Stigma carries a sense of shame associated with being “epileptic” and the fear of discrimination.
Fear, misunderstanding and the resulting social stigma surrounding epilepsy can result in social, and sometimes even legal discrimination.
All over the world, the social consequences of epilepsy are often…
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In a fraction of a second, head trauma can dramatically change a person’s life.
Head trauma caused by falls, physical abuse, violence, vehicle crashes and sporting accidents, not to mention modern warfare.
However, it’s important to realize that not all head injuries, even severe ones, result in seizures. And seizures frequently occur in people who haven’t experienced head trauma.
But close associations do exist between head trauma and seizures — as much as twelve times as opposed to someone without a head trauma.
The difficulty of a diagnosis is that epilepsy does not typically develop immediately after head trauma.
Studies suggest that approximately 6% of patients with epilepsy have TBI as the cause. It generally depends upon how severe the head trauma is.
Immediate or Mild Seizures:
They may develop immediately after the accident. The person is awake with eyes open. Symptoms can include confusion, disorientation, memory loss, headache, and…
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One of the most common questions is “when can I stop taking my meds?”
Especially for those whose seizures have been under good control.
It makes sense. Because if you’re doing well, you start to wonder “why do I need these meds anymore”?
This review is organized around four issues:
Does the duration of seizure-freedom influence the risk of recurrence?
Should the epilepsy syndrome influence the decision to stop or continue AEDs?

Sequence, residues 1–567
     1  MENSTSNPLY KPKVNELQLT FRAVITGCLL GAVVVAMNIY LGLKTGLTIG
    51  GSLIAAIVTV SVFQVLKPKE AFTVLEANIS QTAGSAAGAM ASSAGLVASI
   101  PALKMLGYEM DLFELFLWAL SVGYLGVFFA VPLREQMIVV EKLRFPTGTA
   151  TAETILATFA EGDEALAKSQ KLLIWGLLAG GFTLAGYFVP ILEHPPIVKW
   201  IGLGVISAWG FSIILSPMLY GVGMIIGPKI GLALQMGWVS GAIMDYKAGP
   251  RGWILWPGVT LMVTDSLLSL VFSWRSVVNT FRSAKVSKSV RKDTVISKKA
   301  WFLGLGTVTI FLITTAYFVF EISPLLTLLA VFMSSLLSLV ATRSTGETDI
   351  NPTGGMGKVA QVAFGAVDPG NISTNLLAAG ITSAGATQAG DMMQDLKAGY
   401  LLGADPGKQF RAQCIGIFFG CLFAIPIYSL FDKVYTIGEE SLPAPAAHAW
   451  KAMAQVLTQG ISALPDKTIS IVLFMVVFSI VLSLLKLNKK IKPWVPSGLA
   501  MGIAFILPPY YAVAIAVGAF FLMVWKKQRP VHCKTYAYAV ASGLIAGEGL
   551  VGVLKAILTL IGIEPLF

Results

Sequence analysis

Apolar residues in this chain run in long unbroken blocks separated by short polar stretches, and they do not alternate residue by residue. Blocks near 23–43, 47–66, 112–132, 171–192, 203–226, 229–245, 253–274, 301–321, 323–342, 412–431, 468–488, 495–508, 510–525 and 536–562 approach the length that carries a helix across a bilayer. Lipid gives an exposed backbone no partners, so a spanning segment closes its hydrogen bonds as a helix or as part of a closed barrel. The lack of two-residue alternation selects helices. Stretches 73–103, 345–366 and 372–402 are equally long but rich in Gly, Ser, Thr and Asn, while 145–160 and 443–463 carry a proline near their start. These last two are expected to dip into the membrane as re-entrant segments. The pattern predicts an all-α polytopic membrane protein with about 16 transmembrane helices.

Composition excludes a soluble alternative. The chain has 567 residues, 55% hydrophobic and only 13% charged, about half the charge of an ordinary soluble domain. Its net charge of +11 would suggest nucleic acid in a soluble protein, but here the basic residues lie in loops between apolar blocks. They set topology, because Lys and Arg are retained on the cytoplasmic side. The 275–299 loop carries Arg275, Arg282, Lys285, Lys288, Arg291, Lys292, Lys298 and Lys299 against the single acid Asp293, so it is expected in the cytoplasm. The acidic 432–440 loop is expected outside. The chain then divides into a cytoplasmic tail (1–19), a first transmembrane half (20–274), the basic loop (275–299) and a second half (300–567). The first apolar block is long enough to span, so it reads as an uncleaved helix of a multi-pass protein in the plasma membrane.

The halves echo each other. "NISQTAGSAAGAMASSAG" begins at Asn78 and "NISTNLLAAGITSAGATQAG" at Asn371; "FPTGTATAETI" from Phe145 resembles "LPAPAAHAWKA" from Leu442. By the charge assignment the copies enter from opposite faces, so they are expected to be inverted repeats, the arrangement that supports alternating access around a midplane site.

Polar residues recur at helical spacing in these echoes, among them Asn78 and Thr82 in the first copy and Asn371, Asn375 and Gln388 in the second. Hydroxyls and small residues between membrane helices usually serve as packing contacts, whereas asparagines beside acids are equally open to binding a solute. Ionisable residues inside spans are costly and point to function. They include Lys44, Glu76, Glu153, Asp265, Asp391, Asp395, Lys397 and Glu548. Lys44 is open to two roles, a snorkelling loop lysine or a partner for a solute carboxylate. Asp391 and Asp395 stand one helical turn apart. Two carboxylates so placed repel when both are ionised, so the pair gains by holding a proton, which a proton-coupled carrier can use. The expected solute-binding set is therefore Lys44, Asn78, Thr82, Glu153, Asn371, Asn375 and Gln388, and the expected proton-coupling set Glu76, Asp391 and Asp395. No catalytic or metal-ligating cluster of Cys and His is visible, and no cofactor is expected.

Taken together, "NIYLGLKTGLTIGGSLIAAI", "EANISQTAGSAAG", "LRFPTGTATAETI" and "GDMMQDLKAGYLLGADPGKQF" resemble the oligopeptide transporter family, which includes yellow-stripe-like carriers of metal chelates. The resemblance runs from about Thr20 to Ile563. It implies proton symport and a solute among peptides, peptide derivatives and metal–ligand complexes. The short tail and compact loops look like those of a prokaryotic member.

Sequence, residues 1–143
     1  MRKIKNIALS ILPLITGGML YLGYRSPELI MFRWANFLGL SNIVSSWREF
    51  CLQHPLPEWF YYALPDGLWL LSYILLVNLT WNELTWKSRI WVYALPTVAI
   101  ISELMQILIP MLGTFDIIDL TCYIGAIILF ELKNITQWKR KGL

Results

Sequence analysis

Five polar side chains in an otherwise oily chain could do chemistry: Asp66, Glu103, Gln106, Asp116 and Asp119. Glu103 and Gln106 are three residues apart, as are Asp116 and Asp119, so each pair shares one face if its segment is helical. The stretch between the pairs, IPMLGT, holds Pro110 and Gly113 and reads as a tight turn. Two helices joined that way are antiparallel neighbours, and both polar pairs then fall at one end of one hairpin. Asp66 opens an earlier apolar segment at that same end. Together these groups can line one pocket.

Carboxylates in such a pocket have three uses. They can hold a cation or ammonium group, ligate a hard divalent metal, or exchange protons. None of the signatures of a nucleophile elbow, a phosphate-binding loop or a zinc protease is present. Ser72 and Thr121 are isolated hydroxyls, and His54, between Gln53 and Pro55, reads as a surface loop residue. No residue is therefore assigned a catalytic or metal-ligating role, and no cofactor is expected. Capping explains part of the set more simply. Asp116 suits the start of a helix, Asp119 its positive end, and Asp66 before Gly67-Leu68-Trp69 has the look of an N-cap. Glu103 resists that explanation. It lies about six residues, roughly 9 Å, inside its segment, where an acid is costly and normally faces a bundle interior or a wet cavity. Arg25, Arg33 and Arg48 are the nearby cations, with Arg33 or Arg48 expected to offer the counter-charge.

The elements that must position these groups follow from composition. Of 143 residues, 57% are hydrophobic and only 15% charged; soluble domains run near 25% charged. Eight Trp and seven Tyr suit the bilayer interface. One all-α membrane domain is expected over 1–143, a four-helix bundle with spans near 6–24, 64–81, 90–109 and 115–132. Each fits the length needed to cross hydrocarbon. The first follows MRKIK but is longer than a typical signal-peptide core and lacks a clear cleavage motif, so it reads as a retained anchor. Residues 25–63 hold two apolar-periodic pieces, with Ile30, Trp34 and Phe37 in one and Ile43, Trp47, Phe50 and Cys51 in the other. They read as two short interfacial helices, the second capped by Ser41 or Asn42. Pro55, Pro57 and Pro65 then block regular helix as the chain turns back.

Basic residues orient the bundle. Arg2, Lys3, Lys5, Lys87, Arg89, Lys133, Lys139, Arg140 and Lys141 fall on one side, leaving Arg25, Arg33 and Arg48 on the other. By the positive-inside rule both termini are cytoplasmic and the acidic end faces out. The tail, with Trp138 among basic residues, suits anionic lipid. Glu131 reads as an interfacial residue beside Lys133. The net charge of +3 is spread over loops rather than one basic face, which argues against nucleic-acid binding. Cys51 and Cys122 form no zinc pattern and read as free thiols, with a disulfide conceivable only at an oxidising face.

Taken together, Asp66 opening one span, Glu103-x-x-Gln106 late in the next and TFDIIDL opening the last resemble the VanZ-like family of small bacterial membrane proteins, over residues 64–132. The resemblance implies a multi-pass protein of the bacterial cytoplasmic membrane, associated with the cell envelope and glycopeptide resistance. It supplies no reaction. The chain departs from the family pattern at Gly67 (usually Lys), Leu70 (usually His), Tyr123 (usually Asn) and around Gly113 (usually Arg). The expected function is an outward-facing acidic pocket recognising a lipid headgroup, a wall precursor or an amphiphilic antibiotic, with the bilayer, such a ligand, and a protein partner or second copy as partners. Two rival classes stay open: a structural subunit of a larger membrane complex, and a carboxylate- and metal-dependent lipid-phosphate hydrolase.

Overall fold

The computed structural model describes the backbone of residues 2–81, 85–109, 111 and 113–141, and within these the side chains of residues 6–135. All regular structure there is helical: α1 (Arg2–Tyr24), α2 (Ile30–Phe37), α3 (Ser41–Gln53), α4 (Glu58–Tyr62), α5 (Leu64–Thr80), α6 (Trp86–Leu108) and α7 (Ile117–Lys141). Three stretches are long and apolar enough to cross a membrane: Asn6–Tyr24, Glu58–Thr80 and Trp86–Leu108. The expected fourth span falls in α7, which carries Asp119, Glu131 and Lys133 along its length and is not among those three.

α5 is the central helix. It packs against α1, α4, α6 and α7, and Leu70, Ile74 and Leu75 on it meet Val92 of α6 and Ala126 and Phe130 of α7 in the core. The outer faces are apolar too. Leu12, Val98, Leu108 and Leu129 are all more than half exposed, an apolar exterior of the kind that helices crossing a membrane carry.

If daily AEDs are stopped, could intractable epilepsy ensue?
And what’s the risk that someone discontinuing AEDs will die during a recurrence?
Some of the reasons for stopping daily meds include concerns about side-effects…a feeling of well-being…relief from the chore of remembering daily medication…and freedom from the staggering financial burdens.
Most important of all is, an improved quality of life.
Others are seizure-free but choose to continue medication.
They’re happy with stability, concerned about the impact of another…
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It starts in the playground. A kid has a seizure and everybody freaks out. Nobody knows what to do.
Maybe not even the school nurse. Even though epilepsy first aid is a cinch.
It’s frightening to see a child seize and then, based on that fright, they think:
“I can’t deal with this.”
Some people still think epilepsy is contagious!
But kids are very impressionable, and if we show them there’s no reason to treat someone differently because of a condition that is uncontrolled, it’s very helpful.
They want to understand. They want to help. But first we must show them how.
Happily, most parents are vigilant, starting support groups, arranging fund-raising functions, bringing family, friends, and neighbors into the fray.
How else will their child lead close to a “normal” life?
Yet, sadly enough, at a recent high school health fair I attended, not one person knew what to do…
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USA TODAY: Alcoholism: My ‘bottom’ was being drunk on TV